work provides an early example where Quinap was the preferred ligand.52 Silver complex catalysis (AgOAc/(S)Quinap) of the reaction of azomethine ylides with electronpoor alkenes at or below −20 °C gives a pyrrolidine product with up to four new stereogenic centers. The basic catalytic reaction had already been discovered,53 but this paper extended the scope and selectivity and permitted a polystyrene bead-based variant for diversity studies. For the reaction with simple glycine-derived ylids and tert-butyl acrylate, a single diastereomer was formed in high ee. Azomethine ylids derived from α-substituted amino-acids gave products with a single quaternary center in ca. 80% ee. Using tert-butyl crotonate gave a product with controlled configuration at four ring centers, but now the ee was closer to 80% (Scheme 10a). Enantioselective synthesis of pyrrolizidines through a double dipolar cycloaddition was developed by Reisman and coworkers, when cinnamaldehydes were used as the precursor of the azomethine ylide.54 The second stage occurs when the initial pyrrolidine product formed by [3 + 2] cycloaddition reacts with a second aldehyde to form the iminium salt precursor of a new azomethine ylide. Conditions were found to optimize the two-step process in a single pot. Once achieved, this was extended to a range of related reactions varying the initial arylaldehyde, with cinnamaldehyde being used in the second step. This second step needs more forcing conditions than the first, and hence a different dipolarophile can be used. In this way, starting with (R)- or (S)-Quinap as the sole catalytic source of chirality, control of the stereochemistry of pyrrolizidines with five stereogenic centers (six

Scheme 11. Catalytic Asymmetric Nitrogen Extrusion and Allene Cycloaddition

give the corresponding cyclic sulfonamide in 86−97% ee and good regioselectivity, using cyclohexylallene as the reactant. The reaction is reasonably considered to involve the formation of a 5-membered nickelacycle with extrusion of N2, followed by allene insertion preferentially at the more substituted double bond and then reclosure of the cycle through intramolecular capture of the sulfonamide. Variations of the reactant structure with substituents on the allene smaller than cyclohexyl were effective but gave somewhat lower enantiomeric purity in the product. D. Asymmetric Alkynylation of Iminium ions. In 2002, Knochel’s group developed an asymmetric synthesis of propargylamines.56,57 Their first reports involved direct reaction of a preformed tertiary enamine with a terminal 5396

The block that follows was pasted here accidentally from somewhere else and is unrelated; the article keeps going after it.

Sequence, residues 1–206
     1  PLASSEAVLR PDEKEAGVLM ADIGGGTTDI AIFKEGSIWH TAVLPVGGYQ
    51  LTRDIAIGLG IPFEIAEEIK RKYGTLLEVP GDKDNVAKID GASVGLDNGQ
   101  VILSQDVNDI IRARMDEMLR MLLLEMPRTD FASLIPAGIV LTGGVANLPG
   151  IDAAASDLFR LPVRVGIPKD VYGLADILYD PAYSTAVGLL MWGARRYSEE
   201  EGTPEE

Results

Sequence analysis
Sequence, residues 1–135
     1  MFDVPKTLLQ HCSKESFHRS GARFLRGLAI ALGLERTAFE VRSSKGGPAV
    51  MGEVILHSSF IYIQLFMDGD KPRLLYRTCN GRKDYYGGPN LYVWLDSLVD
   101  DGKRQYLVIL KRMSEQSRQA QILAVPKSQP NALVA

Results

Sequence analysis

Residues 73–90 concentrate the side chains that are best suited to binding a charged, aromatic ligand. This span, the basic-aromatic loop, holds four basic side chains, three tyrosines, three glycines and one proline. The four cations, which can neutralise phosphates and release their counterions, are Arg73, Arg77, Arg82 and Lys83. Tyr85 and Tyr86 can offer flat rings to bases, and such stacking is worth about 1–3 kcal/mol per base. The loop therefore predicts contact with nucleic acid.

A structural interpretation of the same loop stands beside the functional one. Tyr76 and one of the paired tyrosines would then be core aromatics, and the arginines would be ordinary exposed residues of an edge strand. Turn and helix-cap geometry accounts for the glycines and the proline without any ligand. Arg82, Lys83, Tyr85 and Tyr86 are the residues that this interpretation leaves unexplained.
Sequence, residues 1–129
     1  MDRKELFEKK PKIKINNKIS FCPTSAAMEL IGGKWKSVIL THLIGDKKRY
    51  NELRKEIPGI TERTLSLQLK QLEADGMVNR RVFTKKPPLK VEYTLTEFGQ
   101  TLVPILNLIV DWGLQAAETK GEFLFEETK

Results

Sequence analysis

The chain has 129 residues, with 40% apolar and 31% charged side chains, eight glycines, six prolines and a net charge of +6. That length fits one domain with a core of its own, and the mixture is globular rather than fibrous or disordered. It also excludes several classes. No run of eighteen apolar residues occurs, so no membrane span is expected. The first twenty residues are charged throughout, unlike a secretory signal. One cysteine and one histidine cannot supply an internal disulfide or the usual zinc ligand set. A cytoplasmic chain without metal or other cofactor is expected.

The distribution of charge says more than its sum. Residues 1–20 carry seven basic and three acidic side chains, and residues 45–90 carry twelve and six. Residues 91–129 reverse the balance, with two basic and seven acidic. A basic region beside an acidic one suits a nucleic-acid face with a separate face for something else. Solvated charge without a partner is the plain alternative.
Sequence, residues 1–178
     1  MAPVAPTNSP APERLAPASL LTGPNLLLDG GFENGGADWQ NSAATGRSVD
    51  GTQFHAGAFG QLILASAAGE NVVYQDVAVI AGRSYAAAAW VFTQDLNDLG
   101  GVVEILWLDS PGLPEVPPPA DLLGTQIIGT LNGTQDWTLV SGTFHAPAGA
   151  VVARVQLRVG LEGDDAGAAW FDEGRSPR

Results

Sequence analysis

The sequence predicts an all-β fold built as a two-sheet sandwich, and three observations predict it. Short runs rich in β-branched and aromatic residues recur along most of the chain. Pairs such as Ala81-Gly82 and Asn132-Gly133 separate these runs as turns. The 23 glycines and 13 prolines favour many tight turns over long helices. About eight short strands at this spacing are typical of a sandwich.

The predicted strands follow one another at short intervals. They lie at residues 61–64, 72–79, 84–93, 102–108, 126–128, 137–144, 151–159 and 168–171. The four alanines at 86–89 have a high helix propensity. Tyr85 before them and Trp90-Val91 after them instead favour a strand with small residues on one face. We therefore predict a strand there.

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Scheme 12. Examples of the Three-Component Condensation Route (A3) to Enantiopure Amines: (a) ref 59, (b) ref 16, (c) ref 64, (d) ref 65

Scheme 13. Asymmetric Catalytic Synthesis by Iminium/Alkyne Coupling

N-(mesitylmethyl)benzylamine.63 Aponick’s ligand gives good results for difficult aromatic aldehydes, exemplified by Scheme 12b. An alternative and effective route to primary amines involves piperidin-4-one as the amine reactant. In this case, a double-retro-Michael addition can be conducted in the workup stage to remove the five-carbon unit of the ring, giving the desired primary amine with concurrent desilylation under the reaction conditions (Scheme 12c).64 Starting from a tertiary acetylenic alcohol as the alkyne component and pyrrolidine as the secondary amine and conducting the three-component condensation in the normal manner, addition of a halfequivalent of ZnI2/NaI to the reaction mixture and heating after completion provides a stereospecific synthesis of trisubstituted allenes (Scheme 12d).65 A closely related CuX/Quinap-catalyzed reaction works well for the catalytic alkynylation of N-alkylated dihydroisoquinolines using excess alkyne at −55 °C, as shown by Schreiber and co-workers. Except for the case of MeOCCH, product ee values are ≥94%. The procedure is exemplified in Scheme 13 with an enantioselective synthesis of homolaudanosine, a neuroactive alkaloid. With the parent isoquinoline, alkynylation works at −20 °C, albeit with lower yield and ee.66 The procedure has been utilized by Waldmann’s group in developing analogues of noscapine as potential anticancer drugs that inhibit tubulin polymerization, and several hits were